Listed here are people and organizations whose work is innovative, important, and well-executed.
Sustained Dialogue seeks to bring diverse groups of people (and sometimes people in direct conflict) together to learn from each other, mutually broaden their perspectives, and develop relationships that allow them to solve important problems in innovative and lasting ways.
The Future Project places a “dream director” into schools who works with students and staff to develop their dreams and work to transform those dreams into reality. Students are supported by mentors as they work to bring about the changes they wish to see in their schools and communities. Together, these people transform the culture of a school into a place where people are empowered to pursue their passions and creatively make a positive impact in the world!
Led by Mark Hecker, Reach Incorporated empowers low-performing high school students by training them to tutor and mentor low-performing elementary school students, to benefit the tutees AND the tutors!
Dan Meyer, dy/dan blog
Dan Meyer is a math educator. He facilitates a very active online community of people who explore how to make themselves better educators. In particular, Dan has a Three Acts paradigm for math questions:
Act 1: Provide intriguing situation (often visually) and ask for student input on questions that emerge from the situation that they are curious to answer (if designed carefully, the task will naturally lead students towards a certain set of questions). Students must decide on the information they’ll need to be able to solve the problem and make some estimates before being given the information (which is shown to them, often visually).
Act 2: Students explore and practice the skills they’ll need to solve the problem and settle on an answer.
Act 3: Students are able to authentically see if their answer is right, usually in a visual way (answers in the back of the book are not a compelling enough resolution). Ideally, this visual resolution leads naturally to some extensions….
Lots of examples are available here.
Many math teachers take act two [listed above] as their job description. Hit the board, offer students three worked examples and twenty practice problems. […] It’s clear to me that the second act isn’t our job anymore. Not the biggest part of it, anyway. You are only one of many people your students can access as they look for resources and tools. Going forward, the value you bring to your math classroom increasingly will be tied up in the first and third acts of mathematical storytelling, your ability to motivate the second act [with Act 1] and then pay off on that hard work [with Act 3].
The Arbinger Institute is a think-tank and consulting firm that helps people and organizations solve problems by more deeply exploring how one’s own thoughts and actions may inadvertently be escalating the problem. Arbinger is most known for publishing The Anatomy of Peace and other related books.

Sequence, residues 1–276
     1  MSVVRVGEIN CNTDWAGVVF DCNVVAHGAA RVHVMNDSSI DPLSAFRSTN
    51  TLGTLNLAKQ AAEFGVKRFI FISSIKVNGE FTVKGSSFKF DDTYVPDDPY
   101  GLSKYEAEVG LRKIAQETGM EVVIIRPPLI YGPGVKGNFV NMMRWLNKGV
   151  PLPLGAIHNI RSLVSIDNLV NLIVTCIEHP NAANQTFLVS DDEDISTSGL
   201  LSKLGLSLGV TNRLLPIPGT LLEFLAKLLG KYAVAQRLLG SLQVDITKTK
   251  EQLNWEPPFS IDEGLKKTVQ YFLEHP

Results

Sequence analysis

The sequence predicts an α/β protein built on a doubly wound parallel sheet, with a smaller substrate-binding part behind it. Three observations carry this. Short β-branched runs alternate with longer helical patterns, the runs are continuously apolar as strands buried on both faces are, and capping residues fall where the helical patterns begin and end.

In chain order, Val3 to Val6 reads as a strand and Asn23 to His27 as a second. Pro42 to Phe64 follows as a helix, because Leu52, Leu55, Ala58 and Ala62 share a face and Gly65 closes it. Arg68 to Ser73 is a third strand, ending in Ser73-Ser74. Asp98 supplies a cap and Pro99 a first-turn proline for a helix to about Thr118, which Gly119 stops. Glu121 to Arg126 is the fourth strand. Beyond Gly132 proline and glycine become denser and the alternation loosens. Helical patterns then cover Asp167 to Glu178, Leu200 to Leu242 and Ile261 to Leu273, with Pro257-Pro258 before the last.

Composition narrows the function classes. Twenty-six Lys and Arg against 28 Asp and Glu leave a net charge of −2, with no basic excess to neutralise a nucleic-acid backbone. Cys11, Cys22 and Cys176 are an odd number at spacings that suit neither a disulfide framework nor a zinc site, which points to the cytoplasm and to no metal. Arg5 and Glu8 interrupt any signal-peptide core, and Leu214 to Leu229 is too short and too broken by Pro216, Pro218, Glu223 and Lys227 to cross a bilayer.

AmeriCorps is a federal program which empowers diverse groups of young adults to give a year of community service to strengthen communities in the areas of education, poverty, the environment, etc. In addition to the direct impact on their communities, corps members develop lifelong passions for civic engagement, learn about deep and interconnected community issues (and solutions), and develop lasting relationships with fellow corps members and community organizations. The Franklin Project is pushing to make it the norm for all recent HS or college grads to a do a year of service!
Mathcounts is a national math competition program for middle school students. Students practice working through intriguing math questions as a team, developing mathematical skill, intuition, and teamwork. Students then compete against people from other schools at in-person math competitions locally (with the opportunity to advance to state and national competitions if most successful). Recently, in addition to the competitions, Mathcounts has also worked to broaden the appeal of non-competition math clubs and “new-media” explorations of math.
AshokaU is an offshoot of Ashoka, an organization that is “the largest network of social entrepreneurs worldwide, with nearly 3,000 Ashoka Fellows in 70 countries putting their system changing ideas into practice on a global scale.” AshokaU works with universities around the world to help them design programming to empower students (and faculty) to develop as social entrepreneurs. It works to change people’s mindsets about the purpose of higher education: not just to learn and research, but also to create innovative and impactful positive change around the world!